MODELS FOR PRACTICE
FOCUS AREA: SUBSTANCE ABUSE
Healthy People 2010 Objective: 18
Web Address: http://www.searhc.org
Blueprint: The Community Family Services Program is part of SEARHC (Southeast Alaska
Regional Health Consortium), the third largest Native health organization in
The program is staffed by 18 paid employees including nine village providers, four licensed mental health clinicians, one clinical director, two administrative personnel, one health systems technician, and one health systems specialist. The village providers are cross-trained to work with both mental health issues and substance abuse disorders. Professional staff supervise the village providers by visiting each community every six to eight weeks and by providing day-to-day support via telephone.
The programís clientele is mostly Native Alaskan with substance abuse disorders. Specifically, the program provides outreach, prevention, assessment services, early intervention, education, emergency and crisis intervention, outpatient counseling, aftercare/continuing care, relapse prevention, community development, and telepsychiatry/telehealth for individuals with substance use disorders, mental illness, or co-occurring disorders.
The services are delivered in a variety of ways. Village-based counselors and itinerant clinicians offer services to individuals, couples, families, and groups. The services are offered primarily in counseling offices but can be offered in homes, schools, and medical offices. These services employ various technologies including telephones, fax, e-mail, computers, polycom units, and palm pilots.
SEARHC developed its own program to combat substance abuse and suicide. The program assesses individual needs and tailors treatment to the individual. All counselors are cross-trained in the treatment of substance use disorders and mental health disorders, such as motivational interviewing and culturally relevant interventions such as the Red Road to Recovery curricula. A key element of the programís success is the philosophy of identifying natural helpers from the villages and training them as counselors, which: 1) increases the odds of provider longevity, 2) promotes culturally competent providers for this unique underserved population, and 3) provides career development in isolated economically depressed areas.
Making a Difference: Since the program began, information has been gathered and assessed based on the number of people served. Factors considered in the follow-up include client satisfaction, improvement in productive activity for clients, decrease in the use of alcohol, and increase in support from others. The program expanded its focus to include more prevention and early intervention and training concerning these issues. Initially, this may be more difficult to evaluate, but it is thought that in the long run, longitudinal studies will prove the efficacy of this direction. Additionally, prevention and early intervention are more cost-effective than treatment.
In 2000, 71 percent of the clients were treated for substance use disorders, 20 percent for mental health disorders, and 9 percent for co-occurring disorders. In 2001, 51 percent of the clients were treated for substance use disorders, 16 percent for mental health disorders, and 33 percent for co-occurring disorders. In 2001, of the 222 discharged clients, 155 completed their treatment plans compared to 104 of the 144 discharged clients in 2000. The substance abuse program does pre- and post-assessments to determine program effectiveness, as well. In 2000, 65 percent of program clients contacted for follow-up reported they had not relapsed at the six-month mark, and 59 percent of the contacted clients had not relapsed at the 12-month mark. In 2000, 90 percent of follow-up contacts rated their relationships as good or above average at the six-month mark and 97 percent as good or above average at the 12-month mark. In 2000, 83 percent of respondents rated family support as above average at the six-month mark and 88 percent as above average at the 12-month mark. In 2001, 81 percent of respondents rated family support as above average at the six-month mark and 81 percent above average at the 12-month mark.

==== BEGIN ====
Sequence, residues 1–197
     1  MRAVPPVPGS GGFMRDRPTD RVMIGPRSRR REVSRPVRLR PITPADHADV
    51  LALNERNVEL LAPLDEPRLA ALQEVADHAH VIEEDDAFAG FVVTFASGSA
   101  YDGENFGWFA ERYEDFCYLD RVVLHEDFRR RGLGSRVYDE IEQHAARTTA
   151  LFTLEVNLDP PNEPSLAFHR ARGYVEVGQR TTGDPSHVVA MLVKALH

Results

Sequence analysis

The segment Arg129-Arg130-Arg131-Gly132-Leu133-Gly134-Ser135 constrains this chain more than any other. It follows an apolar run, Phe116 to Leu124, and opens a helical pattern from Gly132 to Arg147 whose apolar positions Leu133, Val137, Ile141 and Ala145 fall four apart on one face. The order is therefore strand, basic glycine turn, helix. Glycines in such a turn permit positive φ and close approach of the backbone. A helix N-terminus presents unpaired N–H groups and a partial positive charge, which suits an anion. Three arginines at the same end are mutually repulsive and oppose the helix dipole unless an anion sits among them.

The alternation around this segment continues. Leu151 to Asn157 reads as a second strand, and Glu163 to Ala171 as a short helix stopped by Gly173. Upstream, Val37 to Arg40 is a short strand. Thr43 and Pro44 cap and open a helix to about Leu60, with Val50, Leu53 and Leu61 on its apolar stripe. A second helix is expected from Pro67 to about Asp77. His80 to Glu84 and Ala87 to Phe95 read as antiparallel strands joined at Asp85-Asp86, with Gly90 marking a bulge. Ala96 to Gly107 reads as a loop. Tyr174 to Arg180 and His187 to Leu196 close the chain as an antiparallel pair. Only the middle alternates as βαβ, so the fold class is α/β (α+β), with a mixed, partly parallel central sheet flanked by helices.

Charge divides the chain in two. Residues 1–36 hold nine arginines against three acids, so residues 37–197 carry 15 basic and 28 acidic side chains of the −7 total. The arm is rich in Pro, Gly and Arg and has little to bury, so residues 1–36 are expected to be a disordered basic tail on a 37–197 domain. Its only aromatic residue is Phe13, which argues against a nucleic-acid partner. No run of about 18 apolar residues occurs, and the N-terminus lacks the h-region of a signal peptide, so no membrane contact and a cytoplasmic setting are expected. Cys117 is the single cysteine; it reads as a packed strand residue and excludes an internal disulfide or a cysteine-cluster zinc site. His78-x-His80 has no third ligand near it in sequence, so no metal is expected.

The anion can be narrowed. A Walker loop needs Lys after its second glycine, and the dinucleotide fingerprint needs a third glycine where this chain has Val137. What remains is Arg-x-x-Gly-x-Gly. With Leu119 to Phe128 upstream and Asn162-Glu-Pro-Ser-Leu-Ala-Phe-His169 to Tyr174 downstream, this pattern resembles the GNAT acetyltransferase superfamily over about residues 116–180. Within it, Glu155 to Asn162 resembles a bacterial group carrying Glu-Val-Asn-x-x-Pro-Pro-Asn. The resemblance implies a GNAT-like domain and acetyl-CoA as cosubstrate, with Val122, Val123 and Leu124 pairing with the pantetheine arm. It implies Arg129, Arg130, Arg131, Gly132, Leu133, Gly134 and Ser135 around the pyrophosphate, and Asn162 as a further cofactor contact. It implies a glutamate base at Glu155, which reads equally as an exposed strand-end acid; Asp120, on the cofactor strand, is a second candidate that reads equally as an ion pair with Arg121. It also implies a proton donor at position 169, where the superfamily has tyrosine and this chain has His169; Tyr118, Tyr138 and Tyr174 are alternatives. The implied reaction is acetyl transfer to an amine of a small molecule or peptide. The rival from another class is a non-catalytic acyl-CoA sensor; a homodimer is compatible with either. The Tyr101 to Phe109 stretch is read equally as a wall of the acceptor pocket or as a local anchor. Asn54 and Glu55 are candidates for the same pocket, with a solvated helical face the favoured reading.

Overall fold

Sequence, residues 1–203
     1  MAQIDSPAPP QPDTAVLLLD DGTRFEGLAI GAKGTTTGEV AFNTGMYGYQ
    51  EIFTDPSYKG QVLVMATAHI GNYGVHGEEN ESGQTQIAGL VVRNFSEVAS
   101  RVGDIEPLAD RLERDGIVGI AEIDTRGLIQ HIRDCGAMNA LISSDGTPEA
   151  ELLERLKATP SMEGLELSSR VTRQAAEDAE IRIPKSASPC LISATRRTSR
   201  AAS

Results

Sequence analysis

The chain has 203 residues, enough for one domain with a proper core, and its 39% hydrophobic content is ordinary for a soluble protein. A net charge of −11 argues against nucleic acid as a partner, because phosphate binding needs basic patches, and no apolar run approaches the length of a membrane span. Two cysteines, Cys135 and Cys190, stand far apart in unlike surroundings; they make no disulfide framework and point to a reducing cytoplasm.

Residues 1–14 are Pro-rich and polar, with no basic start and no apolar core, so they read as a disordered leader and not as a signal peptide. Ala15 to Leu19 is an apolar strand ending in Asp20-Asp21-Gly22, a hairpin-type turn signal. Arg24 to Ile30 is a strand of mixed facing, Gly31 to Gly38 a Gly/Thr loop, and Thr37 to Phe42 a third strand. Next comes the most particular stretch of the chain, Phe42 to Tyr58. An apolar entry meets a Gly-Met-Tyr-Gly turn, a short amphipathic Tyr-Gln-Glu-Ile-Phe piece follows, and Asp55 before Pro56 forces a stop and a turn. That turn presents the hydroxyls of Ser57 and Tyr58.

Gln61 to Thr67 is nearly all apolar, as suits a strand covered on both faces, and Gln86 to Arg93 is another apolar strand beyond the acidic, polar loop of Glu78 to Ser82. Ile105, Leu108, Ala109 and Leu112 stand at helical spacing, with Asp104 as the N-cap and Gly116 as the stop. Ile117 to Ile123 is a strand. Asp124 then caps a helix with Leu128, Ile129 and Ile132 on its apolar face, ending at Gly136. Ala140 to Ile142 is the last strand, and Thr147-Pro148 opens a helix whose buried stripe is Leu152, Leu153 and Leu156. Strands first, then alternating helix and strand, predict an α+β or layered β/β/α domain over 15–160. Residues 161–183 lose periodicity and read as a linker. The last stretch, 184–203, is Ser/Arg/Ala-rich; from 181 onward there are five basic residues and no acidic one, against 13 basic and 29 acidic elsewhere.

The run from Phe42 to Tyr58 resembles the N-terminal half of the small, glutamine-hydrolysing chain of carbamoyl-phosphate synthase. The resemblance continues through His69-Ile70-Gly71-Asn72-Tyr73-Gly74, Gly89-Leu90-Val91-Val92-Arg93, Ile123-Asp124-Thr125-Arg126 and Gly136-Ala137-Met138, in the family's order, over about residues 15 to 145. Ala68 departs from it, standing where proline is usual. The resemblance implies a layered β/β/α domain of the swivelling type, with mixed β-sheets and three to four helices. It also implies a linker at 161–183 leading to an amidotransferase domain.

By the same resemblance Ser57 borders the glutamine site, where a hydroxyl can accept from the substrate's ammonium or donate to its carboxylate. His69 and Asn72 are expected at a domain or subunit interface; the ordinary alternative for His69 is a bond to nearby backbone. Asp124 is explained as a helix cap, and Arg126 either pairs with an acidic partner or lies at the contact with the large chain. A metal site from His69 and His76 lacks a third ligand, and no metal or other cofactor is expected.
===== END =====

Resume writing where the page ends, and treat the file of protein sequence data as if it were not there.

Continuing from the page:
The program received accreditation for its work,
including CARF (Commission on Accreditation of Rehabilitation Facilities)
accreditation for outpatient services for children and adolescents; and State
Beginnings: The program began in 1989 in response to the need to address suicide and alcohol problems. Seven years later, in 1996, the program was fully implemented. The program began with the cooperation of the Native villages of Klukwan, Haines, Kake, Angoon, Pelican, Hydaburg, Hoonah, and Yakutat. Since the program began, Hoonah and Yakutat have withdrawn, and a new village, Klawock, joined. These villages range in size from 160 in Klukwan to 1,429 in Haines.
Challenges and Solutions: The funding for sustaining
this program is through grants; the depressed economy in southeast
and cultural barriers present major challenges in accessing and delivering
mental health services in this part of
Community Family Services Program
Phone: (907) 966-8776
Fax: (907) 966-2489